These included help with her parenting; child protection counselling; drug and alcohol relapse prevention; literacy and numeracy assistance; respite care service; medical, dental and school appointments for the children; issues with the children’s behaviour; issues with people (including family members) staying overnight in the home; children spending time with the parents; children spending time outside the home; housing problems; fin­ancial problems; and other concerns about the safety or welfare of the children.

Other than that, everything was just fine.

The department had a long history of involvement with the grandmother from when she was 16, with her first child.

The grandmother had started drinking alcohol at age 12 and went on to use a range of drugs, including marijuana, cocaine and heroin. The grandmother was not focused on her children when they were young. Indeed, her mother was the main carer of her first three children.

The mother acknowledged drinking alcohol to excess, being subjected to assaults by the father and leaving the children unsupervised. There had been a number of ‘‘risk of harm’’ reports related to both parents’ abuse of alcohol and poor supervision, for example, leaving the children unattended while they were at the local pub.

There was serious domestic violence between the parents.

Some families, some communities, some cultures breed strife. Governments cannot always fix it. Compulsory contraception for those on benefits would help crack intergenerational reproduction of strife. As for inadequate non-beneficiaries, we just have to grin and bear it.


Dangerous eccentric who doesn't believe in vaccinating children defends controversial tour to Australia

Sherri Tenpenny's not worth a dime

A prolific U.S. anti-vaccine campaigner who will be speaking at child health seminars across Australia has defended them after pro-immunisation parents labelled them as 'disgusting'.

Sherri Tenpenny, who has written books such as Saying No to Vaccines and Flu and Flu Vaccines: What's Coming Through That Needle?, will be touring in Melbourne, Adelaide, Brisbane, the Gold Coast and Sydney in February and March.

But pro-vaccination campaigners have hit out at the Raising Healthy Children Naturally, and Birth, Baby and Beyond seminars.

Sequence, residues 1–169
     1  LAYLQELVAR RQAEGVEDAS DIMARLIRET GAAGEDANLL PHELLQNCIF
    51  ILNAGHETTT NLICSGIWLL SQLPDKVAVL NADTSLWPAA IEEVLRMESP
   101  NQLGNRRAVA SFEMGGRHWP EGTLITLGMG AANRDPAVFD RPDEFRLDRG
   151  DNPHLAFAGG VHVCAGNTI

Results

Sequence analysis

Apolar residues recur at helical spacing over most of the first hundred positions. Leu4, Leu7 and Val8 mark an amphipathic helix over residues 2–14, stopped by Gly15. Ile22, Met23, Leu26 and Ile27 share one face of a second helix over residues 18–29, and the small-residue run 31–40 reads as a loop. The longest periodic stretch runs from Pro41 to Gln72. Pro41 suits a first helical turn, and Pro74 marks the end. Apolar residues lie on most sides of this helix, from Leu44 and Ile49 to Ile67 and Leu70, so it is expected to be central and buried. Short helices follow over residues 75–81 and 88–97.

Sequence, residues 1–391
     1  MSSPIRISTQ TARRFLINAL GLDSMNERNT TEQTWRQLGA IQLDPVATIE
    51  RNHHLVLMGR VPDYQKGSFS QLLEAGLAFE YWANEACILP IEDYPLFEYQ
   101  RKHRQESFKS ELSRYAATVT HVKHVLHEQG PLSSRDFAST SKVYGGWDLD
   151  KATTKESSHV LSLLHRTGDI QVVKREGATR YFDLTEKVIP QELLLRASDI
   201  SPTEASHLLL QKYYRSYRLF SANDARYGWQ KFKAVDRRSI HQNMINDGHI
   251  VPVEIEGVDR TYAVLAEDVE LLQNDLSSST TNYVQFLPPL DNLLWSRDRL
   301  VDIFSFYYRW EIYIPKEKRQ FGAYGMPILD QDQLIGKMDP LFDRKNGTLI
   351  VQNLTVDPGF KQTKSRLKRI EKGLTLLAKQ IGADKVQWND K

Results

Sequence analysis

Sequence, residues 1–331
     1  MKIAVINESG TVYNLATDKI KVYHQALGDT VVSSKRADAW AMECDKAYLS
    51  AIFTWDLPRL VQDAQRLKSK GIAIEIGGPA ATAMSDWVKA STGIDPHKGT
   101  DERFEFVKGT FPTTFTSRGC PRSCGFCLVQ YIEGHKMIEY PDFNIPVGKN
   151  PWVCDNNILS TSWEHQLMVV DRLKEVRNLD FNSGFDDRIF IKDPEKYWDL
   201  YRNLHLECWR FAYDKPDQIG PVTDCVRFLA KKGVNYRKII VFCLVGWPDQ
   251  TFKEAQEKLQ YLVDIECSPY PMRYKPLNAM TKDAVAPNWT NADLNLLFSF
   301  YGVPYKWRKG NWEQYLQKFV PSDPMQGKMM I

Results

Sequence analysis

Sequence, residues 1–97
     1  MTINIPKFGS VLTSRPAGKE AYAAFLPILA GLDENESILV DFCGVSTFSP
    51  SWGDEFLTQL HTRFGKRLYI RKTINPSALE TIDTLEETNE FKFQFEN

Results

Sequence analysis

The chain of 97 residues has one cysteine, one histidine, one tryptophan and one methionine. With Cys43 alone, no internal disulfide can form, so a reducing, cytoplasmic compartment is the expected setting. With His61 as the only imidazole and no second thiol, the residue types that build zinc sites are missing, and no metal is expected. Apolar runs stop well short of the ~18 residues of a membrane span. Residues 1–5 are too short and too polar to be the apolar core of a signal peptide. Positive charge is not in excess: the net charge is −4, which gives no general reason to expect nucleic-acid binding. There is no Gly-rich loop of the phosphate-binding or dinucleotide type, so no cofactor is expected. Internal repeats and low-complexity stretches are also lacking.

Dr Tenpenny said she found the backlash on social media 'curious'.

'I planned to be in Australia for a holiday and was asked to speak with a few groups who are interested in discussing the pros and cons of vaccines,' she told Daily Mail Australia via email.

'It is curious why the public health, pro-vaccine community is so outraged over my visit and the opportunity to share information sourced from conventional medical journals.

'If vaccines were so effective, so protective and so incredibly safe, no one would be interested in these gatherings.  'The public health community should be willing to openly discuss they problems associated with vaccines, how to improve vaccine safety, and how to restore the health of those who have been vaccine-injured.'

As soon as next month, Australians will also get the chance to sit down and have dinner with the high-profile anti-vaccination campaigner, with tickets ranging from $125 to $200.

On her website, Dr Tenpenny writes she believes 'vaccines can cause more harm to the health of the individual' and is against 'a system that forces parents to inject their children, against their better judgment'.

Her views on immunisation are further demonstrated by the T-shirts sold on her site, which read: 'I didn't deny my children vaccines... I spared them' and 'Fact: 1 in 50 = Autism Overall, Fact: 1 in 25,000 = Unvaccinated, Prove Me Wrong'.

But Dr Tenpenny's visit have people so outraged they have vowed to write to local politicians to stop her from spreading her message, with Stop the AVN - a group who are for vaccines - leading the charge. 

Stop the AVN's Dave Hawkes told Daily Mail Australia the group's concern was Dr Tenpenny 'peddled misinformation'.  'She’s giving information that's not supported by evidence and marketing it to people with alternative views and possibly leaving them in danger by not vaccinating their young children,' he said.

Dr Hawkes - who has a PhD in HIV research - said it was also concerning that people who were joining Dr Tenpenny, like Isaac Goldman, were spruiking homeopathic vaccines, which are 'essentially water'.  'The evidence shows they don’t work… and leaves their kids susceptible,' Dr Hawkes said.

'Recently a seven-month-old child who was not vaccinated died from whooping cough.'

One of Stop the AVN's supporters wrote on social media she was going to write to federal politicians asking for their intervention.

'I'm writing to the Hon. Sussan Ley and Fiona Nash (health minister and assistant health minister). Vaccines are recommended by every state body in Australia. They are incentivised by our federal govt,' one woman said on Facebook.